Hooray for not bumbling through coffee shops searching for that coveted table nearest the only available outlet.
3) Make use of hotels for conference calls (and showers!)
Libraries maintain a quiet atmosphere for consideration of other patrons and unless libraries had private rooms, we had to take conference calls elsewhere. Along with the need for showers, we did plan three hotel stops along the way for conference calls or to meet pressing deadlines.
4) Commute to work
Since I was running my own business and my boyfriend was working remotely, our hours were flexible. We preferred, if possible, to work in the early mornings and then hike in the afternoons. We ‘commuted’ from our campsite to the nearest town with a library, worked for a few hours, and once back in the parks, we hit the trail. These were actually some of my favorite days because I was able to be super productive and then my immediate reward was a beautiful hike and/or sunset back at camp.
Our longest commute was when we camped at Lewis Lake Campground in Yellowstone National Park, WY. We drove south out of the park, and all the way through Grand Teton National Park to get to Jackson, WY (which had my favorite library of the entire trip!). The way the land of Grand Teton is cut is remarkable because there are acres of wild plains and then the majestic mountains stick straight out above them. It was about a two-hour commute, but on the outskirts of Grand Teton, we were rewarded with quite a view. A herd (of hundreds) of wild bison crossed the plains within our view. They were the first bison we had seen on our trip and we were so excited that we pulled off to the side of the road. We grabbed our binoculars, and watched them walking around and rolling through the grass. We ate our breakfast (of hard boiled eggs, muffins and coffee) in awe of the world before continuing our commute to work. It was a beautiful way to start the day and gave us an extra boost of energy to put into our work.
5) Manage your time
I was always surprised at just how much work I was able to accomplish in such a short amount of time. When you only have a few hours a day to work, you do not spend time browsing the Internet aimlessly, scrolling through social media or catching up on office gossip. I could fit a full eight-hour work day into two, three, or four strong hours. Tim Ferriss would be proud!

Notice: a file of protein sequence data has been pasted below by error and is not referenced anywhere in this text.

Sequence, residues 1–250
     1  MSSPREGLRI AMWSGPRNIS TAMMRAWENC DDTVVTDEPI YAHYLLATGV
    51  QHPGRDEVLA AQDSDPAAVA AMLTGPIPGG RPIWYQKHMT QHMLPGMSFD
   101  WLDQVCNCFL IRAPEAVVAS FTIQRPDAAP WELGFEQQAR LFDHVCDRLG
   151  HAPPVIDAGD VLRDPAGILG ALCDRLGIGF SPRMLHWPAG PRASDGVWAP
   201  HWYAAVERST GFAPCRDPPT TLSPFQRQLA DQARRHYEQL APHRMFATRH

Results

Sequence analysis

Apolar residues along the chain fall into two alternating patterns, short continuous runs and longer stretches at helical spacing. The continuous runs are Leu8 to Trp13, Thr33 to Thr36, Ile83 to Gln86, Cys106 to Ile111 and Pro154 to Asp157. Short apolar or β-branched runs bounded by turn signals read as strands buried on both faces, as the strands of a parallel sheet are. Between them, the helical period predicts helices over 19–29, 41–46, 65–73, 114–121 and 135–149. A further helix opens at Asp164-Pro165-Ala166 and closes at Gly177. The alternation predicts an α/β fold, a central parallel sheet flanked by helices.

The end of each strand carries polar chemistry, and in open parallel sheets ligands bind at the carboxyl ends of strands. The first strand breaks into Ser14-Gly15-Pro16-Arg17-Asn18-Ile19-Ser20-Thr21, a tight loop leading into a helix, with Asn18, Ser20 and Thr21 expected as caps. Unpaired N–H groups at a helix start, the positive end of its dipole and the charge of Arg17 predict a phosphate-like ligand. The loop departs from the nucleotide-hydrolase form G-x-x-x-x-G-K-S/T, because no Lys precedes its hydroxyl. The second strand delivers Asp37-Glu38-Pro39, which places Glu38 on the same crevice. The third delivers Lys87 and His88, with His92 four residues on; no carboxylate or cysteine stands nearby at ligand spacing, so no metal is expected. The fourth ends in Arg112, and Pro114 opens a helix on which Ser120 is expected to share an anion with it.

6. Schedule content in advance
To stay connected to my clients and network, I scheduled emails, Instagram posts, and newsletters in advance. Sometimes, I would be hiking a mountain or cooking dinner at camp, far from service, when the content was sent out. Scheduling in advance gave me that flexibility and no one was any the wiser.
I used apps like Boomerang (for Gmail), Schedugram (for Instagram), Mailchimp (for email newsletters) and Hootsuite (for Twitter/Facebook) for scheduling for both my business and for my clients.
Once the trip came to an end, I yearned to keep my re-discovered nomadic spirit alive. I promptly gave up my Brooklyn apartment, while my boyfriend returned to the west coast for work. I spent the next four months living out of friend’s and family’s homes, while I continued to run my business remotely. To share stories, photographs and lessons learned from the road, I have written and designed a coffee table book on the experience. My book, Daytripper: 60 Days on the Road Exploring America’s National Parks, is near launch. Working on designing this book has been amazing getting to relive every precious, magical, and hilarious moment from camping, hiking & working on the road.
Stories include our car’s set-up, what gear we packed, how we set-up camp each evening, favorite (& most eventful) hikes, animal sightings, etc. I aimed to share not only the photographs, but the experiences from the day hikes where we struggled to get to the trail end. The hikes presented challenges and the lessons learned became profound. The trail is where all of our most memorable experiences happened and where I most connected to myself. Every step provided me an opportunity of growth and reflection, not only physically but mentally. When thinking of the trip, I am reminded of a sketch I saw at a campground host station in Glacier National Park, MT of two hikers at the top of a mountain with this simple phrase: “Perspective, Get Some.”
This is my story in hopes that it inspires you to create yours.
Pre-orders open via www.daytripperthebook.com.